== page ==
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Ganja Yoga | © Monica Lo
Ganja Yoga | © Monica Lo
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The Surprising Health Benefits of “Ganja Yoga”

Picture of Esme Benjamin
Wellness Editor
Updated: 13 December 2016
Hearing Dee Dussault talk about her wellness hybrid class, Ganja Yoga, makes it seem as if the two were always supposed to be experienced together, like peanut butter and jelly; “Cannabis enhances yoga the same way it enhances a concert or a sunset. The two things individually are great, but combined they’re alchemic.”

In 2012, just as the medicinal benefits of the plant were starting to be embraced by the Californian mainstream, Dussault opened her own yoga studio on the outskirts of San Francisco. From the get-go she noticed many of her students were buzzing even before the opening Om, and an idea for the ultimate mind-body workout took root.

We caught up with the Toronto native to find out about the alleged benefits of Ganja Yoga, the lineage of which, according to her research, stretches back to ancient India, and the cults who ritualistically consumed cannabis in worship ceremonies.

It aids deeper relaxation

Yoga and cannabis both speak to the parasympathetic nervous system, the body’s ‘rest & digest’ setting as opposed to the ‘fight or flight’ mode associated with stress and worry.

“Together they help tone down the analyzing and the planning that happens in the prefrontal cortex so you can focus more on sensual engagement and sensory experience.” In other words, they enhance your ability to get out of your head and into the present moment, adeptly reducing anxiety in the process.

It might offer significant health benefits

Numerous studies have suggested yoga and cannabis both offer medical benefits. Researchers have credited the two “wellness aids” with reducing stress, lowering blood pressure, reducing chronic pain and inflammation, and aiding sleep.

Combined, Dassault believes each compliments and enhances the powers of the other, for health boosts that are even more potent.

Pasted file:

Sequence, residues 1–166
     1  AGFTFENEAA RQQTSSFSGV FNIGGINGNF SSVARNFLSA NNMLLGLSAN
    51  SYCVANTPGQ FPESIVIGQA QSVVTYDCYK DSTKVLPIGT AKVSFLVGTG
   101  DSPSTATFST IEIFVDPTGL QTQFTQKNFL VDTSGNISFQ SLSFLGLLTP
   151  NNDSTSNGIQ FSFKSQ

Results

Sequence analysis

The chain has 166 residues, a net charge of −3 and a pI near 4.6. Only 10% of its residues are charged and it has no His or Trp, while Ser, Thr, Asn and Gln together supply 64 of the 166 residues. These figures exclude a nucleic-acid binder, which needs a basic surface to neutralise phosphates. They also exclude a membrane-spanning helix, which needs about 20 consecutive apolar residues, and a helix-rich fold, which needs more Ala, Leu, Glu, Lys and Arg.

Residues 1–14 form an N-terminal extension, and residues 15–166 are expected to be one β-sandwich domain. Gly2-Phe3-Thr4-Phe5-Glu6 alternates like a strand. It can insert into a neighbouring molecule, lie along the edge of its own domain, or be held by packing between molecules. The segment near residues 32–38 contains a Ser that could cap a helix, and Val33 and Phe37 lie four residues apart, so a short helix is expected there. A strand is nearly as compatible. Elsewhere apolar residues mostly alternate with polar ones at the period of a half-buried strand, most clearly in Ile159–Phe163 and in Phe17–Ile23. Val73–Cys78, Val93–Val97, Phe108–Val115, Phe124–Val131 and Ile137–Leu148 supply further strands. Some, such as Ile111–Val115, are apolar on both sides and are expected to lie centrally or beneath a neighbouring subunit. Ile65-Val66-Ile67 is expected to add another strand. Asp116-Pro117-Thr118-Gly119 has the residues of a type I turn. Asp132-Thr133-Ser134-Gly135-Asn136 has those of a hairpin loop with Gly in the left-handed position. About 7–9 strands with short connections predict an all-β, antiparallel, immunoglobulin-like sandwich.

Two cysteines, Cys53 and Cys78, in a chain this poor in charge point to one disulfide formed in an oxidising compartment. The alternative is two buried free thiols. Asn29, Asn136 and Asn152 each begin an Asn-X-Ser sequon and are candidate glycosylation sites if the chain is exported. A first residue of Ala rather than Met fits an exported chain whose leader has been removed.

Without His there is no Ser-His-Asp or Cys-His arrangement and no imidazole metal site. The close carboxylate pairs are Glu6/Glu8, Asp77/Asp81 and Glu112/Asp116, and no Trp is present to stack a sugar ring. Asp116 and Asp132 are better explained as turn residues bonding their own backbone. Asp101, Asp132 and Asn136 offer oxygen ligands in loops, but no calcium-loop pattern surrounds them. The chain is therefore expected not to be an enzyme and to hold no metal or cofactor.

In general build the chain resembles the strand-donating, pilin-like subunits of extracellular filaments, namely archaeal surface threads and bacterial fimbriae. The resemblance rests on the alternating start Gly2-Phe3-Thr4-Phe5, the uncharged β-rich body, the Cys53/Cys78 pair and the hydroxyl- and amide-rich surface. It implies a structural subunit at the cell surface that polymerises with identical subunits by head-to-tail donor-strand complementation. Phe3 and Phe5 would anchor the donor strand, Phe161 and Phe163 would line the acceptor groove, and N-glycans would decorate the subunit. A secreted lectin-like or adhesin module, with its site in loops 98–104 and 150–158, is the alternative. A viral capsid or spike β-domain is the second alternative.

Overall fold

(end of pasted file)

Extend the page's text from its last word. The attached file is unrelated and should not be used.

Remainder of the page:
Ganja Yoga | © Monica Lo
Ganja Yoga | © Monica Low

It deepens engagement with the poses

“Don’t challenge yourself in an intense way,” Dussault told us. “In our society people tend to think of yoga as very athletic and full of body contortions, but this is your personal practice not the Yoga Olympics.”

Although it might not immediately appeal to fans of fast-paced power vinyasa (a dynamic style of yoga defined by the constant “flow” from one pose to the next), she promotes a back-to-basics approach through her teaching. When practiced with the addition of cannabis, a slower flow with more mindful transitions helps her students experience and appreciate poses in a whole new light.

It intensifies meditation

Dussault’s students generally use an uplifting sativa-based hybrid for the asana portion (active poses) of the practice and a more mellow indica-dominant strain for a “cozy” savasana and “profoundly altered” meditation.

Dassault explains that Ganja Yoga “helps you appreciate the subtle aspects of the mind and reach new layers of consciousness.” In other words, cannabis might help you meditate more deeply and for longer periods of time.

This increases the considerable brain and body benefits of the practice, which research suggests might encompass everything from lowering the risk of heart attack and stroke to increasing concentration and compassion.